Let me now turn to a discussion of the Soviet Union. The central security concern of our country over the last thirty years has been the Soviet Union and in my judgment this will remain true for the foreseeable future. This competition constitutes for us a fundamental international fact of life. This competition is a military strategic competition but at heart it is also a competition between political and value systems. Our response has been a blend of elements. This blend includes preserving the strategic balance and the strengthening of our forces where necessary in order to achieve and maintain such a balance. It includes also imposing limits on the arms race and I shall talk more of this later. It includes as I have already indicated the strengthening of the Western alliance and work with others outside of that alliance. In addition, there will be peaceful cooperation with the Soviet Union where it is of mutual benefit to the United States. Let me discuss these various elements one by one.
Let me start with the strategic posture. We have taken a very hard look at the strategic posture, and in terms of raw military power there is at the present time a rough overall equivalence. There are some adverse trends reflected in Soviet modernization and in Soviet force projection capability. The military programs of the United States and of the Soviet Union are in different phases at this point. The Soviets are clearly deploying new systems, including a new generation of strategic rockets. [Page 146] The reason for this is that the strategic rockets which they have are inferior in quality in a number of areas and from the standpoint of accuracy. At the same time, one must acknowledge that in terms of size of rockets the Soviets have a greater throw weight, which presents issues for the future which we must watch and deal with with care and precision. Insofar as the United States is concerned, we are improving our existing systems through qualitative improvements and advanced research and development. Let me give you some examples:
1) the cruise missile
2) the so-called neutron bomb
3) greater accuracy in our strategic rockets, and the development of more advanced sea launched ballistic missile systems.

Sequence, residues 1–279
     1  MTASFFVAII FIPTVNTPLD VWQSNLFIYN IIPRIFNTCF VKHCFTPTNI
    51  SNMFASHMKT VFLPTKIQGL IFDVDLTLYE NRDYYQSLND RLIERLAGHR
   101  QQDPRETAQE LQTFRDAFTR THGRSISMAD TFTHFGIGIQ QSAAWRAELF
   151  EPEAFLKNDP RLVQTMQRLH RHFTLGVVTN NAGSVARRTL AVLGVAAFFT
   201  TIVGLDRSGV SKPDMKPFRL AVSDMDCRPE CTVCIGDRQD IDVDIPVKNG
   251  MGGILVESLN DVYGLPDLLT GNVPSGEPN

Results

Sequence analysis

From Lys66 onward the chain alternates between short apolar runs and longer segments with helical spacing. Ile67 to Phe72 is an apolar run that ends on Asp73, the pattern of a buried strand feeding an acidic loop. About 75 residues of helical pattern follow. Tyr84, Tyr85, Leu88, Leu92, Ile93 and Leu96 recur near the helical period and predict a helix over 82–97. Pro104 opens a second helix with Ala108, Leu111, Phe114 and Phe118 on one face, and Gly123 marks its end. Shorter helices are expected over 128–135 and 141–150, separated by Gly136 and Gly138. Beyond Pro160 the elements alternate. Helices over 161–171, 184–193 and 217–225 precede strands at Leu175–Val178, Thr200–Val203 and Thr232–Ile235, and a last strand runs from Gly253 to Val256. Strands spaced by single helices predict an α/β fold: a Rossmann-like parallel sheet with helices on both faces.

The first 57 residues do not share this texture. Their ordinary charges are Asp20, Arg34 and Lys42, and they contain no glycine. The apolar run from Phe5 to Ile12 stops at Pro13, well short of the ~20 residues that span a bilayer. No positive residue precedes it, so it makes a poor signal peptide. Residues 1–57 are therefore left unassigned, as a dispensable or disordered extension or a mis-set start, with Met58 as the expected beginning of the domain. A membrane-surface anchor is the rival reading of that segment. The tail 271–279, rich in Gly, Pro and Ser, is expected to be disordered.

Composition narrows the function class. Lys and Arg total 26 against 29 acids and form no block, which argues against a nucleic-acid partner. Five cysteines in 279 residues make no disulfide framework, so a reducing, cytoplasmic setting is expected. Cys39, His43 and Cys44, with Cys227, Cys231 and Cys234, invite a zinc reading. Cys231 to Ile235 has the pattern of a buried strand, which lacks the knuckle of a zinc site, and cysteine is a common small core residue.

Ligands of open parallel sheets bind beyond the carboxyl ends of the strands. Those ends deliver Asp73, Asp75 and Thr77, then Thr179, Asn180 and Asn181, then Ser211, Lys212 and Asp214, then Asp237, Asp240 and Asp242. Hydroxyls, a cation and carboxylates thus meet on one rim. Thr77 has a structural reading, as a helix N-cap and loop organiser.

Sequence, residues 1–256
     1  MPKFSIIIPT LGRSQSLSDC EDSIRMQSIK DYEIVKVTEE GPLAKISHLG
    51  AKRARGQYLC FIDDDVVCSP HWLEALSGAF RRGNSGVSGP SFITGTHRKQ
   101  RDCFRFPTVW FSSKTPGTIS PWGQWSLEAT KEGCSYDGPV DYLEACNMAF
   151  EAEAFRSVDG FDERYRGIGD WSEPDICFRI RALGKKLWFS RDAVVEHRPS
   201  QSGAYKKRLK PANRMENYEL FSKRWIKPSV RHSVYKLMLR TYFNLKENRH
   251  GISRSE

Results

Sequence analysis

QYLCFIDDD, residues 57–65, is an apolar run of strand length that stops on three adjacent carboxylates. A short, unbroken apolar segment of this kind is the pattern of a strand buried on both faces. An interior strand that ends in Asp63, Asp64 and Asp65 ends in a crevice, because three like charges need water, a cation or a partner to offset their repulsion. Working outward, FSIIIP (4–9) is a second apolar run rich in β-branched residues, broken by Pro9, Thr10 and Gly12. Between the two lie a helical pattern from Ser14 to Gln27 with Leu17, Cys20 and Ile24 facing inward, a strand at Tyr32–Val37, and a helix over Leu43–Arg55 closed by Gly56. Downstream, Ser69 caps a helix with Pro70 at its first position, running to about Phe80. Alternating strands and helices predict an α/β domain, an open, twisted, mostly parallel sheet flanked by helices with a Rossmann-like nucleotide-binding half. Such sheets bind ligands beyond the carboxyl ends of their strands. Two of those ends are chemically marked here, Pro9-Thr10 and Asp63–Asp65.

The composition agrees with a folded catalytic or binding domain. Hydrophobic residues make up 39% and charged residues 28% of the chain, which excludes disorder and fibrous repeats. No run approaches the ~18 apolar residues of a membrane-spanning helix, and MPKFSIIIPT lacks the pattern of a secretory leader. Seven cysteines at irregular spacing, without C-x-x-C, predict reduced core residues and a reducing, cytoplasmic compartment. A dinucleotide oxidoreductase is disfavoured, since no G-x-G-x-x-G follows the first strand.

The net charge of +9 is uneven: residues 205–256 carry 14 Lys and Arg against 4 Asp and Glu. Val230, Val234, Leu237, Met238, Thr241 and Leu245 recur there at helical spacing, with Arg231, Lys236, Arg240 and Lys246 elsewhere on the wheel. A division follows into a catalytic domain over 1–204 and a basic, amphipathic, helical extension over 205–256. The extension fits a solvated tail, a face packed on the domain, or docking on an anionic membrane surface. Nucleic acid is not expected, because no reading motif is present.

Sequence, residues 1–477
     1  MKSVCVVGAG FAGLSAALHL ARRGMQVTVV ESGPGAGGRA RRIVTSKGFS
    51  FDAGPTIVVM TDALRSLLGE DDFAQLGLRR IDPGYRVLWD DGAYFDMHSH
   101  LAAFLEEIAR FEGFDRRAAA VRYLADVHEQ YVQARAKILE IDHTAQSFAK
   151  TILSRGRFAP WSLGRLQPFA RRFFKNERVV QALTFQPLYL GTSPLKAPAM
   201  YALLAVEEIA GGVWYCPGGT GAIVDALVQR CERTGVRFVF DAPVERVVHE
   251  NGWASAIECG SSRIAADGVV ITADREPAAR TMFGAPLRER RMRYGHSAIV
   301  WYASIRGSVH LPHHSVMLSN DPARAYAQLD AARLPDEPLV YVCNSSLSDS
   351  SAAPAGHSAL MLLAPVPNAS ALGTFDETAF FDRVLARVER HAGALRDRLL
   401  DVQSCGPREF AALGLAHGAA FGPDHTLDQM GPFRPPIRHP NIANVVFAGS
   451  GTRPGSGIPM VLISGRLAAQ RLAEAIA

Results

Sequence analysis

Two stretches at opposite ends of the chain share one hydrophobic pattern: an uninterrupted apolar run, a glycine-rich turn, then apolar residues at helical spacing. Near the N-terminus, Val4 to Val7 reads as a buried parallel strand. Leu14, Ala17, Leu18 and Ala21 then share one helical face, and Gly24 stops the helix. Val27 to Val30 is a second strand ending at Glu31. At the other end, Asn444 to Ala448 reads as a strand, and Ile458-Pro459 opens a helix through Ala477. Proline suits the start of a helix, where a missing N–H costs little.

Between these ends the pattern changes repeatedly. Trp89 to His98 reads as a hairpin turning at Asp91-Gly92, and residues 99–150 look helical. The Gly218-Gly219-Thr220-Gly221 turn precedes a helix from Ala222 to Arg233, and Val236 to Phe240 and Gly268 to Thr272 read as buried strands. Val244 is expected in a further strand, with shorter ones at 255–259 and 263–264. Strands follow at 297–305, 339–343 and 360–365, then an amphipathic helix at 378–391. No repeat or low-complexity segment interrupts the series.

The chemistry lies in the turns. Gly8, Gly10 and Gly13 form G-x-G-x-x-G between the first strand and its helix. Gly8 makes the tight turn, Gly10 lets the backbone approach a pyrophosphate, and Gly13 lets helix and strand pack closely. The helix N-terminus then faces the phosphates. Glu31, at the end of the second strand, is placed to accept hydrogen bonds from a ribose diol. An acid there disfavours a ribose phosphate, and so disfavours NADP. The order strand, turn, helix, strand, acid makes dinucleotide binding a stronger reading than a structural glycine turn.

These are but some of the examples of areas in which we are concentrating our efforts in terms of research and development and qualitative improvements. In a broad sense, we are at a critical turning point in which we are evaluating a wide range of new systems which will insure parity in the years ahead.
Cruise Missle and B–1
Let me give you an example of the care which the President is taking in the various decisions which are required in this area. A very good case is the B–1 bomber and cruise missile. After many years of developmental work, we produced prototypes of the B–1 bomber and were at a point where a decision could be taken to put it into production. The question was this: is this the wisest way to proceed if we are to strengthen our air-delivered missile strength or is there another less expensive and perhaps more effective way of achieving the same thing? After carefully weighing all the factors, the President concluded that the cruise missile is less costly and more accurate—further that it is less vulnerable to Soviet air defense and can be deployed by 1980. As a result of this analysis, the conclusion was reached that it would be preferable not to proceed with the B–1 bomber but rather to place our emphasis in the future on cruise missiles and to use them in connection with our current B–52 systems. We still retain the capability to produce the B–1 bomber should it prove necessary, but it does not make sense to produce it at this point when we have a better and cheaper way of producing something to give the same effect.